It is a sad, sad fact the most famous individual “Anabaptist,” was a mad man named Thomas Mûnzer, when in fact he was not a true “Anabaptist” at all. Mûnzer had been a Catholic priest, but then he began to follow another former priest, Martin Luther, in that man’s rebellion against Rome. For a time Luther and Mûnzer were tightly linked. Some called Mûnzer “Luther’s curate,” and Luther called him his “Absalom,” probably because he “stole the hearts of the men of Israel.” Eventually Mûnzer and Luther had a falling out, and Mûnzer declared that he had become an “Anabaptist” while Luther went on to hate the “Anabaptists.”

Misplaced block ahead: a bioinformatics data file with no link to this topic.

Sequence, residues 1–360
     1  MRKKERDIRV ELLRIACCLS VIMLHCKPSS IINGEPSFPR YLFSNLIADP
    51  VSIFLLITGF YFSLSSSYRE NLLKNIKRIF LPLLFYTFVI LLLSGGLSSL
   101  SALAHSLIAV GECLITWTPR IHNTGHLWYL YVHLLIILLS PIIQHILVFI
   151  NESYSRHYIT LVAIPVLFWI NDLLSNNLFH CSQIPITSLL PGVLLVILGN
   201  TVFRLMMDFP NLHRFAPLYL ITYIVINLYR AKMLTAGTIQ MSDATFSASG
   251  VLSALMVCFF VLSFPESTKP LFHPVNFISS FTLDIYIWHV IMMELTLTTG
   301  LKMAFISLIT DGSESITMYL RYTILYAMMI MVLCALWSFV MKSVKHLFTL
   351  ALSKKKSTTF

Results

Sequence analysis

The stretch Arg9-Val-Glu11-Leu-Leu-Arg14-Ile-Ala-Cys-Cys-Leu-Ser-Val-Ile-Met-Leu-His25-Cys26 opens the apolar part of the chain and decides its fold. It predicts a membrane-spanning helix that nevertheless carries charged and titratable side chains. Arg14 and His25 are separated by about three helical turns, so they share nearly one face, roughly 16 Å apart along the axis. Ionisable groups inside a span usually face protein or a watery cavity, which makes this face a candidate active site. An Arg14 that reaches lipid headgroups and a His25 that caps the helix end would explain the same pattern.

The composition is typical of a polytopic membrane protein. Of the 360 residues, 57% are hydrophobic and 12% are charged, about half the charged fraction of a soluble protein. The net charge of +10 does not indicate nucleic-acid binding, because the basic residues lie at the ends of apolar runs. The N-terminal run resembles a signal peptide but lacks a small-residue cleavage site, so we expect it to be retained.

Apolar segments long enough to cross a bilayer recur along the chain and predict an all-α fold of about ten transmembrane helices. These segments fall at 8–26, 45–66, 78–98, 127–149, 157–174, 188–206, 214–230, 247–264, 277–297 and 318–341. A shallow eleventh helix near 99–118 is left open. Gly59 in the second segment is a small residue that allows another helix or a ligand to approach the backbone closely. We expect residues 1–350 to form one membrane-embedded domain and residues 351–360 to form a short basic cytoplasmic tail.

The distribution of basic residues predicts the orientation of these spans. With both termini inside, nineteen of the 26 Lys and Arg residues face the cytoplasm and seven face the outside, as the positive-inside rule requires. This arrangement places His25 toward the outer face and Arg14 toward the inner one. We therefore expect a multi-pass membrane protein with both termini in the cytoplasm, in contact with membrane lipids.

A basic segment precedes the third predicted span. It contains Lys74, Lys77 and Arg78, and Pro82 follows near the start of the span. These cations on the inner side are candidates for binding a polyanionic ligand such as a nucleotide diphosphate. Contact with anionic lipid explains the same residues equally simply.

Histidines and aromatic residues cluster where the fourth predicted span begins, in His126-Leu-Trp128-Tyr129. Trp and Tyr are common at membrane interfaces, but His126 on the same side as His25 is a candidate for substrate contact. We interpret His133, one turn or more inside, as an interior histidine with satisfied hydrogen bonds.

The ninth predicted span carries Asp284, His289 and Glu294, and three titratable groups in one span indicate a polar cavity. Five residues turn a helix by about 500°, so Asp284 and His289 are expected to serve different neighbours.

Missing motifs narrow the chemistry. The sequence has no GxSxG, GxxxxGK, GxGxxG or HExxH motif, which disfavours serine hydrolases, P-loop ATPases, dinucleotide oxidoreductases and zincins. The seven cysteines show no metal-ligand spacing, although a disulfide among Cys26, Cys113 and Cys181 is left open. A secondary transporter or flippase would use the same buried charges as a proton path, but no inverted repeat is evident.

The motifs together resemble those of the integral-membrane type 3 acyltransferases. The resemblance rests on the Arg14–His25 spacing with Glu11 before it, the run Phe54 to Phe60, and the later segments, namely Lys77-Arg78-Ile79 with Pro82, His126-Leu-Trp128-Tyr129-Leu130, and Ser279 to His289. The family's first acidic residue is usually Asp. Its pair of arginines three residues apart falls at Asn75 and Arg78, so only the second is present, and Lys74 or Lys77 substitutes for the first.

It is said Mûnzer had a very down to earth preaching style, and he had a humility which endeared him to just about everyone. After some time, people began gathering around him, calling themselves “peasants.” Mûnzer and his disciples published a set of articles, which were read everywhere they went to preach. They said, every congregation shall be free to elect its own pastor. That sounds pretty Baptistic. The people’s tithes shall be applied to the support of their pastor and the residue given to the poor – okay. But then – vassal service shall be abolished. Forests are not the property of nobles and princes; anyone shall be able to hunt and fish therein. All arbitrary and increasing duties and rents shall cease. The gentry shall not be able to take away the people’s property. And the right of nobles to tax the inheritances of widows and orphans shall be abolished. At the conclusion of these articles the peasants promised to give up any of those principles which were contrary to the Word of God. Now, do these points sound like Baptist doctrine or the planks of some sort of political platform?